The Truvada pill, a drug compound that consists of Gilead’s drugs Viread (tenofovir DF) and Emtriva (emtricitabine), was studied in both the iPrEx and FEM-PrEP trials to test its efficacy as a form of treatment as prevention. iPrEx showed this successfully, and FEM-PrEP not so successfully. (Read the Mapping Pathways blog post about this here.)

AHF’s campaign to halt Gilead in its pursuit of FDA approval gained new momentum after the FEM-PrEP trial closure. Read more about the AHF’s thoughts about this here and at

The organisation also recently conducted a survey with 822 men to examine “real world” reactions from prospective consumers about taking PrEP and gauging potential adherence issues. Among the findings: 79% of respondents answered “Yes” to the question: “If you could take a pill on a daily basis to prevent HIV, would you take it?” However, only 63% of respondents said they would be “Very Likely” to remember to take the prevention pill every day. Read more about the survey here.

While no-one is contending that PrEP requires a lot more thought before being rolled out fully, many advocates feel that the AHF’s methods of gathering “real world” information are based on half-truths and stereotypes rather than a solid evidence-base. Read this critical analysis of gaps in the AHF survey here.

All this just confirms the need for a lot more objective information from a variety of sources – communities, academics, policymakers and those infected with HIV – to help us understand the rapidly evolving and dynamic PrEP landscape and the various strategies that can be deployed to prevent and eradicate HIV/AIDS.

Jim Pickett, from the AIDS Foundation of Chicago, a Mapping Pathways partner organization, sums this up best: “This discussion is of the moment, everything has just coalesced now, everything is happening now, and communities across the world are grappling with these strategies, wondering, ‘How in the world do we do this when we have all these other struggles? But on the other hand, how do we ignore it; how can we possibly ignore a new tool that could reduce so much suffering?’ And we have to realize that there are going to be different answers for different places in the world, or even in different parts and populations of one country. We’re hoping that the Mapping Pathways initiative will be able to provide some guidance to help figure all this out. There are so many complex issues to unravel and it is our duty to weed through all of these challenges, all of the promises, and all of the potential perils of these new strategies.”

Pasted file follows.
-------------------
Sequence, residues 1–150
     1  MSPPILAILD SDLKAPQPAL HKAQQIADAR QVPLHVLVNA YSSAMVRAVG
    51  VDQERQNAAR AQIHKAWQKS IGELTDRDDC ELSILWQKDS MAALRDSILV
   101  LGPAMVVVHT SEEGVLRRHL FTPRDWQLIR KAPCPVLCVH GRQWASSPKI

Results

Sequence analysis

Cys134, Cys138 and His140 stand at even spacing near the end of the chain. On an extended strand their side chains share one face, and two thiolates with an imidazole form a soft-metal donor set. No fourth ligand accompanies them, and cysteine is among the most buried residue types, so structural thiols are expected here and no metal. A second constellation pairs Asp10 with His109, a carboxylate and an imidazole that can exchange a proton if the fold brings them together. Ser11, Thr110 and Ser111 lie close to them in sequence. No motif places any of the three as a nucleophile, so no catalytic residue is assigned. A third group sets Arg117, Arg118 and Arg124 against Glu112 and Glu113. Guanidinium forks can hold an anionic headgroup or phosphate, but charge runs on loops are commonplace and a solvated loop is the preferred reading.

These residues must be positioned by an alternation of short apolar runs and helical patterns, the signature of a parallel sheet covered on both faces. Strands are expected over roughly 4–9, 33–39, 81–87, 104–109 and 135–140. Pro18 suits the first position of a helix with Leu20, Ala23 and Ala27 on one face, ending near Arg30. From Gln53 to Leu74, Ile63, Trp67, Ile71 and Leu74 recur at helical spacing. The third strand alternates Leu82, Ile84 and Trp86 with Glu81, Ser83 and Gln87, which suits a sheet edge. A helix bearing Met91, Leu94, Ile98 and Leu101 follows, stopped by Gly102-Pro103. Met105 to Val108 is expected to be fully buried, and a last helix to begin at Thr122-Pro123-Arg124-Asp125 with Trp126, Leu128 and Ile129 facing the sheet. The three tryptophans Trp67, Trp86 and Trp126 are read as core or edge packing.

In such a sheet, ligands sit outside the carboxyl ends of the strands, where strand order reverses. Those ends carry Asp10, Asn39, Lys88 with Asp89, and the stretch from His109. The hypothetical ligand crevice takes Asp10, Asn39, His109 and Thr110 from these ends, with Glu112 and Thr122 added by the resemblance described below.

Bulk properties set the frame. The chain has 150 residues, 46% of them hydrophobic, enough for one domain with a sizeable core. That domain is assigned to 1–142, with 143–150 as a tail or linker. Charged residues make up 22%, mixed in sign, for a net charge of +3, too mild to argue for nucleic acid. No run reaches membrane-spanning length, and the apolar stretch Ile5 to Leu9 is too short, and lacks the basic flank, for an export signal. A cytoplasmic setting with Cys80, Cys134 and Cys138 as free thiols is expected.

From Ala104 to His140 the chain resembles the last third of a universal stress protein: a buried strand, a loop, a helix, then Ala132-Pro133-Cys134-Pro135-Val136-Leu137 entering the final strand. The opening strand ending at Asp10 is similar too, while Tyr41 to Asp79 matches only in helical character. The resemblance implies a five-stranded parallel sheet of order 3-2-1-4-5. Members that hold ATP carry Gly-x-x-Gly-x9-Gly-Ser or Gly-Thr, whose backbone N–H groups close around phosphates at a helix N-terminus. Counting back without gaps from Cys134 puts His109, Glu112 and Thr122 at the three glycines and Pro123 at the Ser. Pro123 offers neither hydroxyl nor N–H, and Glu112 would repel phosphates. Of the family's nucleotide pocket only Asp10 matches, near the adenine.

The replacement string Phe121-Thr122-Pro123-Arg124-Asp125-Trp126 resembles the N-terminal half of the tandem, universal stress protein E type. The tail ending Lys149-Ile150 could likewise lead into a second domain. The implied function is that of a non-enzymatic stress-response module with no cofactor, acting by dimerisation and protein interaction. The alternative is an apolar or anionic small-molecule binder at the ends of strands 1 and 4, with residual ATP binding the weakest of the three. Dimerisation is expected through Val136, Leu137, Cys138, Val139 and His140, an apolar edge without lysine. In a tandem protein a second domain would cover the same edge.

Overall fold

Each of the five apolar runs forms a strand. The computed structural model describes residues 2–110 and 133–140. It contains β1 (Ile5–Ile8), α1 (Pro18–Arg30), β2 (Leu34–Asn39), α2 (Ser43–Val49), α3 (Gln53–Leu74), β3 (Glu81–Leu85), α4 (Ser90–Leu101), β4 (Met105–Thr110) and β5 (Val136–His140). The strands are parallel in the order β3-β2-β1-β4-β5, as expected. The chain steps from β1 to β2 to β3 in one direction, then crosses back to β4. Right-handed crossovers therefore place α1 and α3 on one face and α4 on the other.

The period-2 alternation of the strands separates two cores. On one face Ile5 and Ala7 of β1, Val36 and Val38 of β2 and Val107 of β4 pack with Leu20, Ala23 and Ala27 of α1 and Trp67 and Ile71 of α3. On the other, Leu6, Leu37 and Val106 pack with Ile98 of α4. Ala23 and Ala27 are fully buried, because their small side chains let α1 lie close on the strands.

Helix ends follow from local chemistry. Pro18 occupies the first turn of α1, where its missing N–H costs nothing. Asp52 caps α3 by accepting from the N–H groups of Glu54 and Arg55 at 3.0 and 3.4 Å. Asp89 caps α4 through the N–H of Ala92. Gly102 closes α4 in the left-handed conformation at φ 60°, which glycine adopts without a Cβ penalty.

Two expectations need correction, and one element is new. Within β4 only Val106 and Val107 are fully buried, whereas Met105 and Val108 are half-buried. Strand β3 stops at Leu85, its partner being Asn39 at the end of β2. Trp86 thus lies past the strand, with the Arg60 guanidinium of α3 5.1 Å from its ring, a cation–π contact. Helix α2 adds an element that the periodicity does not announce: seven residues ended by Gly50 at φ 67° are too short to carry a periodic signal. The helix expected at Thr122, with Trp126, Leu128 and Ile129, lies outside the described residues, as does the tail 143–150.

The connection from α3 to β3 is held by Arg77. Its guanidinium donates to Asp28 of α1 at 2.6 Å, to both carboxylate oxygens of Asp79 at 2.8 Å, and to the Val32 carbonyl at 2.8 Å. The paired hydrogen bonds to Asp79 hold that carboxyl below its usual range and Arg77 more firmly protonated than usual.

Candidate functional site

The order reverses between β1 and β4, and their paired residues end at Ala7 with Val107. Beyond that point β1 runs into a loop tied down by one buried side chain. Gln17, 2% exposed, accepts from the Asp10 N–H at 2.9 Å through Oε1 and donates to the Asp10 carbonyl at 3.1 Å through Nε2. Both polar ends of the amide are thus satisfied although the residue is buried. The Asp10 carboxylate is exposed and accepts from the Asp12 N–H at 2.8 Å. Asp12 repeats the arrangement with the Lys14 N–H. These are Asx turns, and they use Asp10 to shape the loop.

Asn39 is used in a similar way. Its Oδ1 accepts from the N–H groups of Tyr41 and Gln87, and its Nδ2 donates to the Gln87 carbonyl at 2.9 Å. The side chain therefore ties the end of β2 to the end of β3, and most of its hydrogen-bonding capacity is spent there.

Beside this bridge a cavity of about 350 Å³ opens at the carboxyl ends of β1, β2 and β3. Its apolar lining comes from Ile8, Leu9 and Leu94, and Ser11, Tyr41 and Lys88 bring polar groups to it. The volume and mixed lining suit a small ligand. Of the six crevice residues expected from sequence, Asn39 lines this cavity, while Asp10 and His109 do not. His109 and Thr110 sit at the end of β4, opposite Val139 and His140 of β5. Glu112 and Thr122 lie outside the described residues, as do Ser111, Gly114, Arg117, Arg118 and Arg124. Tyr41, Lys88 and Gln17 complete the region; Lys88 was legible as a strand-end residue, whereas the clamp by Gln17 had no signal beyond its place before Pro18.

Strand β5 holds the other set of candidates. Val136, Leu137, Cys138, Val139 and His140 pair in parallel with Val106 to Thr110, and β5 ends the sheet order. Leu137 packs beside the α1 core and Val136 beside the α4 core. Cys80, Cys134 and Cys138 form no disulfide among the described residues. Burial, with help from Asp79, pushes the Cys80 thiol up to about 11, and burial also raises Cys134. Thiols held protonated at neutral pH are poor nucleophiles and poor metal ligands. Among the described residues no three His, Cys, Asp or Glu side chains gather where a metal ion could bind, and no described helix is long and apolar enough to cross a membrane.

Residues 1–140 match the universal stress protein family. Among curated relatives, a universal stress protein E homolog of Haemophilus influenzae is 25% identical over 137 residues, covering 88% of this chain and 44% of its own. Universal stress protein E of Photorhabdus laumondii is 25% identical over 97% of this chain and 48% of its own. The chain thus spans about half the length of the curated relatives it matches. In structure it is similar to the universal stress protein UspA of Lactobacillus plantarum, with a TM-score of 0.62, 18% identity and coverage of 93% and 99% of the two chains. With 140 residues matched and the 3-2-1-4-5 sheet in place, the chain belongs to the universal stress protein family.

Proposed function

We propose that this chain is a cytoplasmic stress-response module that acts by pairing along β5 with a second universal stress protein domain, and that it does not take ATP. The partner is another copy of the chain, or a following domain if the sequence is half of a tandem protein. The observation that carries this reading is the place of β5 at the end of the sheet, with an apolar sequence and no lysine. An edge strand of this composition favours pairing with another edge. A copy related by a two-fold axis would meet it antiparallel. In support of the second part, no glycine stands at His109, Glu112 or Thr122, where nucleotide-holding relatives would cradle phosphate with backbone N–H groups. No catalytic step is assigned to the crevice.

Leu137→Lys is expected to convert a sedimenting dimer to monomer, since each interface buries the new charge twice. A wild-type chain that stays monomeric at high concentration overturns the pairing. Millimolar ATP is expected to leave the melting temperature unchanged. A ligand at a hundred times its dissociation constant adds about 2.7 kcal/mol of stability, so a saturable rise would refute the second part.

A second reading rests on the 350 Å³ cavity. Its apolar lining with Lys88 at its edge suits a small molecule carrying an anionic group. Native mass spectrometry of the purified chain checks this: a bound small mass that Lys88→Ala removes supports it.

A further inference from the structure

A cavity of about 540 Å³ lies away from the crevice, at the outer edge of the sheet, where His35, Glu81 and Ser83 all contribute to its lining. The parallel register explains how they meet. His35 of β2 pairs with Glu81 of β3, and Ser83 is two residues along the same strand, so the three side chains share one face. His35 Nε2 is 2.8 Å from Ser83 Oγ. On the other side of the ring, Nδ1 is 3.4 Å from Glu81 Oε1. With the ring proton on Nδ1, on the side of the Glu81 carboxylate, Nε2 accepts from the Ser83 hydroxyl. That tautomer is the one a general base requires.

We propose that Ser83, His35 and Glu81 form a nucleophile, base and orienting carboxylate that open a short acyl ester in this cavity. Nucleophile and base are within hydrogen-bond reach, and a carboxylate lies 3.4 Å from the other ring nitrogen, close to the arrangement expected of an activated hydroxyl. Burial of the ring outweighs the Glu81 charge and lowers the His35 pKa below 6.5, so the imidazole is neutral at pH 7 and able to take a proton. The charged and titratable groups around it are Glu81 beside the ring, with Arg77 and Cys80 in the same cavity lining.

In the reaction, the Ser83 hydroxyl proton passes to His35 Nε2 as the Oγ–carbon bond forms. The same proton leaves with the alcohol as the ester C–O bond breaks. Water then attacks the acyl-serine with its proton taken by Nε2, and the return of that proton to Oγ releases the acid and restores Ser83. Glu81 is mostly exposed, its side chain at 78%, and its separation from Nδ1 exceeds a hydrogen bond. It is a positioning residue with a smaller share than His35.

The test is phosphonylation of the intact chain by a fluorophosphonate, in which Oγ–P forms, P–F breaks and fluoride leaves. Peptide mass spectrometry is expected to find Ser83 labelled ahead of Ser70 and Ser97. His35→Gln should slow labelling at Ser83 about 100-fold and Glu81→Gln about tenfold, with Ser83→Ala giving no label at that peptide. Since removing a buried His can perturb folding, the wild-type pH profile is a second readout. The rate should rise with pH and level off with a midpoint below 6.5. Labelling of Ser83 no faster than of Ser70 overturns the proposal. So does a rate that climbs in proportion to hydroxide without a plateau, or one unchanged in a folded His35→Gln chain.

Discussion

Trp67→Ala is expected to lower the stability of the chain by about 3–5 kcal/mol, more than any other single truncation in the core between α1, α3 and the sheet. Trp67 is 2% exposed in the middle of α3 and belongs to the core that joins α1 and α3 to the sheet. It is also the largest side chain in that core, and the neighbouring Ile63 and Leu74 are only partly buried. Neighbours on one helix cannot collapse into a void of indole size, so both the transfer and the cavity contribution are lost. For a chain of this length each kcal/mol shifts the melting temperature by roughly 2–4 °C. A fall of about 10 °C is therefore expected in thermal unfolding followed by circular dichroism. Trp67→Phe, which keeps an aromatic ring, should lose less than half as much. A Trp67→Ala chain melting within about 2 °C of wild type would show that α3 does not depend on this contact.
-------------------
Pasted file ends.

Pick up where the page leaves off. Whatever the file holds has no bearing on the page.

The Mapping Pathways project is also in the process of trying to gather perspectives on these questions from folks in our current focus areas – the US, South Africa, and India. If you’re interested in new ways to prevent transmission of HIV – and want to help shape our project goals and deliverables – we encourage you to take a few minutes and fill in our survey.

Your efforts will be greatly appreciated!

Take the survey now.

[Content that is linked from other sources is for informational purposes and should not construe a Mapping Pathways position.]

26 May 2011

The Lancet: “HIV treatment as prevention – it works”